After an hour-long reggae DJ set, the gypsy punk phenomenon that is Gogol Bordello finally ascends the stage, bursting with energy.
The eager crowd lunge forward as first frontman Eugene Hütz runs on stage and straight into the audience to begin his dramatic performance.
The other band members follow on to complete the line-up and, from the moment the lights come up, everything whirls at a tremendous speed.
Watching Gogol Bordello feels more like being at a circus than at a gig. Each unique member is dressed to his own individual attire, but Hütz steals the biscuit with his tight red and black, slightly too revealing trousers, and infamous moustache. He accessorises further with a pair of red stiletto heels and a flowing blonde wig.
Hütz works his way through two bottles of red wine during the show, but this does not hinder the performance at all; rather it enhances it. When fiddler Sergey Ryabstev and accordionist Yuri Lemeshev try to steal the limelight they are pushed away by Hütz, who is never less than the audience’s centre of attention. There are two girls in the band whose main role seems to be dancing and winding up the other band members, but they add a touch of visual beauty to the show and aid Hütz with his bucket-tapping solo.
Can Hütz actually hold a tune, or is it simply his stage presence and overdramatic personality that makes him so popular? Tonight the fans are impressed with his antics but it’s the music that Gogol Bordello should be credited for. Fast-paced acoustic guitar is complimented by a heavy drumbeat, but completely contrasted by the accordion and fiddle. This blend of instruments is topped by Hütz’s voice – an instrument in itself that’s simultaneously terrifying and thrilling.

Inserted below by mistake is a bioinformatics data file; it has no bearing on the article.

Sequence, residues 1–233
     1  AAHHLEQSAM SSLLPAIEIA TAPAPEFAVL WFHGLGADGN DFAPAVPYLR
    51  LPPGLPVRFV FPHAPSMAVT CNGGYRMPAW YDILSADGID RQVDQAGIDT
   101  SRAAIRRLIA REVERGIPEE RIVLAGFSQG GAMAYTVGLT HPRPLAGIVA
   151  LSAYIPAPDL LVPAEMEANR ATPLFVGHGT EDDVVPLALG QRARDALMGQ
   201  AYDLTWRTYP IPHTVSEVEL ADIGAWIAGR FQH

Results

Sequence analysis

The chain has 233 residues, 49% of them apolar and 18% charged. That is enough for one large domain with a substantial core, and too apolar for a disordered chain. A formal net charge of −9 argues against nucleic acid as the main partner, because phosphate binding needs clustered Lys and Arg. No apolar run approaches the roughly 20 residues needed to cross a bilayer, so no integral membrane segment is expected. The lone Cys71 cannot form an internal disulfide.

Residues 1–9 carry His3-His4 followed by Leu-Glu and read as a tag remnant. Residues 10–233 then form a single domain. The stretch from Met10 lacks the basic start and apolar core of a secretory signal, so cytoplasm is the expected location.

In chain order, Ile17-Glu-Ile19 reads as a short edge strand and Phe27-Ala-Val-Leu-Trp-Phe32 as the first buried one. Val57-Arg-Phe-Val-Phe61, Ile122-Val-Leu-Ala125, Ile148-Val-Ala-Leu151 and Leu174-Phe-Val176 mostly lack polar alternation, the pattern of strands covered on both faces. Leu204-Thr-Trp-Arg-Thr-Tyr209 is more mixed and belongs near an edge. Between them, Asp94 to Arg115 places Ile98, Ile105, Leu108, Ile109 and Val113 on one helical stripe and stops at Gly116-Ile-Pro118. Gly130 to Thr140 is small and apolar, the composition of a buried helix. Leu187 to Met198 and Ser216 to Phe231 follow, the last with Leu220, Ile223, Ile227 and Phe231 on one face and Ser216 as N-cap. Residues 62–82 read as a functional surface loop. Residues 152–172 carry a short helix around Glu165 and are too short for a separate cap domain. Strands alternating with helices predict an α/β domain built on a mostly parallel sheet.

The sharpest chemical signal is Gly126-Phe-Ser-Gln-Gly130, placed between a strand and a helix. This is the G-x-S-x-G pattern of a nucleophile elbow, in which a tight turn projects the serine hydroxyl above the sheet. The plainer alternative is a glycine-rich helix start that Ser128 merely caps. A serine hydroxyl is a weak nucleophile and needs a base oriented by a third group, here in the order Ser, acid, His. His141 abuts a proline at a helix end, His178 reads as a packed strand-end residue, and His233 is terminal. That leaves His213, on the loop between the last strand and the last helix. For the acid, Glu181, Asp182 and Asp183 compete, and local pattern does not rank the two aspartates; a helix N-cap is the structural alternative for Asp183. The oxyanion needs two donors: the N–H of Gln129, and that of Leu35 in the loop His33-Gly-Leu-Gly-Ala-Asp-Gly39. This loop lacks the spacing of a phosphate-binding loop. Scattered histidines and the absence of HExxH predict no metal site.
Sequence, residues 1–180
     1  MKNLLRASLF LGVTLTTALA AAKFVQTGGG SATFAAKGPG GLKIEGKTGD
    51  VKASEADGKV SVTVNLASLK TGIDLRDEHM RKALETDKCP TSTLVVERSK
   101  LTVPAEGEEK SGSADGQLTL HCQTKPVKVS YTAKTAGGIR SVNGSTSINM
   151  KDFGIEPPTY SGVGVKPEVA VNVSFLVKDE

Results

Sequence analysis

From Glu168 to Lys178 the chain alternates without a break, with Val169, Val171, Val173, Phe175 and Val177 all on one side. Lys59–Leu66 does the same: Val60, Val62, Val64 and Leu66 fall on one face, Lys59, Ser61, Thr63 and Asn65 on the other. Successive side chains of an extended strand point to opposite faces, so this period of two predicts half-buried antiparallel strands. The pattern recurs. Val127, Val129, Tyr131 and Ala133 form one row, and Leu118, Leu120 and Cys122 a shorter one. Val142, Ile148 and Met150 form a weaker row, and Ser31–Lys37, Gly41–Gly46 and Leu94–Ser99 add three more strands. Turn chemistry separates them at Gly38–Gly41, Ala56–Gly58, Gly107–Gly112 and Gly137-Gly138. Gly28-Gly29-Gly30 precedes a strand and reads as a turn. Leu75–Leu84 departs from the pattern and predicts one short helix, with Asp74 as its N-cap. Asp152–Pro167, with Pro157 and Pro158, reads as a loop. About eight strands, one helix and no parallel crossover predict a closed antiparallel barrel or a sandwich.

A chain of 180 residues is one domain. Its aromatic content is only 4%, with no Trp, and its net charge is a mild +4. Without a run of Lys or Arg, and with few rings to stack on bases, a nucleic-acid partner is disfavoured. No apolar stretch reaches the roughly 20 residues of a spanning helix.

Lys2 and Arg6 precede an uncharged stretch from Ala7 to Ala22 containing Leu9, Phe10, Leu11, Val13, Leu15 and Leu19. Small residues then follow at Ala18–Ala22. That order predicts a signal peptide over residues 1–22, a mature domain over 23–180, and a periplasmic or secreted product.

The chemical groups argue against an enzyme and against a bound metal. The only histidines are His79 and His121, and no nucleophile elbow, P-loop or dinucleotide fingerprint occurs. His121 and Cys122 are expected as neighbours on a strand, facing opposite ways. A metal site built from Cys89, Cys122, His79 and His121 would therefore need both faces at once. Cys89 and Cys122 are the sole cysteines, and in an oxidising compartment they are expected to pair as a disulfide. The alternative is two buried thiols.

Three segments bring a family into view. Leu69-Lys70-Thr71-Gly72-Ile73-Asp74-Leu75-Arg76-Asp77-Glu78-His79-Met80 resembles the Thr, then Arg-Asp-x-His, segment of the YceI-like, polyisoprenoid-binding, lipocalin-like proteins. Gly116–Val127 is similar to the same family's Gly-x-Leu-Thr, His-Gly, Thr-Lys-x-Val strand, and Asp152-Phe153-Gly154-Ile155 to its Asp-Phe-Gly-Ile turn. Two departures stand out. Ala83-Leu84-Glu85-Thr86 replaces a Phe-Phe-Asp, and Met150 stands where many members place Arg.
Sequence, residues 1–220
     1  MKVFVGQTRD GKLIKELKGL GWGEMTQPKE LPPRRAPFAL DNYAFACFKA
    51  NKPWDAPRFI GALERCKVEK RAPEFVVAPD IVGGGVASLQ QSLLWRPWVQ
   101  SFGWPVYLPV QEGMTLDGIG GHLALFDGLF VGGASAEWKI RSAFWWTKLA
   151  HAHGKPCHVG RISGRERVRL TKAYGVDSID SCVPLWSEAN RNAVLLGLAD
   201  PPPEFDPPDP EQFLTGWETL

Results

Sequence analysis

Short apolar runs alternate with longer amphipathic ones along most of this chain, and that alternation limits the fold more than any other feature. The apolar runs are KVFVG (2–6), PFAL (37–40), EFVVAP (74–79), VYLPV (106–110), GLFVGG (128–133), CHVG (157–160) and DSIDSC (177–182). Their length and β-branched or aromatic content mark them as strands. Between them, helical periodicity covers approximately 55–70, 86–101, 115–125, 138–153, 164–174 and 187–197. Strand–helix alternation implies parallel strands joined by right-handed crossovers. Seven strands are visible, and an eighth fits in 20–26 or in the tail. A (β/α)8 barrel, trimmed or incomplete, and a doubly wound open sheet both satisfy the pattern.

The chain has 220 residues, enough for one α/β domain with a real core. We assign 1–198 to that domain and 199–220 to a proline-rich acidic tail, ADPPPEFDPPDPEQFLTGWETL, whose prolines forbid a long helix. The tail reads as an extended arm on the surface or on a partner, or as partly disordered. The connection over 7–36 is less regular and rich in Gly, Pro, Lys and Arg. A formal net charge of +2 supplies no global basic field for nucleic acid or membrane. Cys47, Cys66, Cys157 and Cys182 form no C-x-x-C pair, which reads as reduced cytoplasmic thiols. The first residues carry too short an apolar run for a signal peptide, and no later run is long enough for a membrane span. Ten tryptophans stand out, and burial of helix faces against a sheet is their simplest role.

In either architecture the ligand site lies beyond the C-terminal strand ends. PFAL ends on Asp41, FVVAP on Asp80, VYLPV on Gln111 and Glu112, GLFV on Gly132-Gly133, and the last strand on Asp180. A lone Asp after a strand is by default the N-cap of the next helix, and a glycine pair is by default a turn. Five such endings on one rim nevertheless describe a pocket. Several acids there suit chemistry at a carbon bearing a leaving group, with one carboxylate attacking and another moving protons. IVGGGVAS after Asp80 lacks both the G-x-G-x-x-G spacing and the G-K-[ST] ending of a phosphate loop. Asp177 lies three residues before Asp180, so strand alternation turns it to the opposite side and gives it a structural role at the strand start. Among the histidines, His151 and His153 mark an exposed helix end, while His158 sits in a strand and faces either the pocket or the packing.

Songs from current album Super Taranta! are played with the same high energy and passion afforded their early material; Start Wearing Purple goes down a treat with the crowd but new songs Alcohol and American Wedding are equally celebrated.
Hütz tells his audience that, after attending the show, they are now part of the Gogol Bordello family. It’s a feeling that seems to reflect in the faces of the audience. Being present at a Gogol Bordello gig is like entering a different world, where the music is new and different and each stage antic is more shocking than the last. Gogol Bordello is not an act to be missed.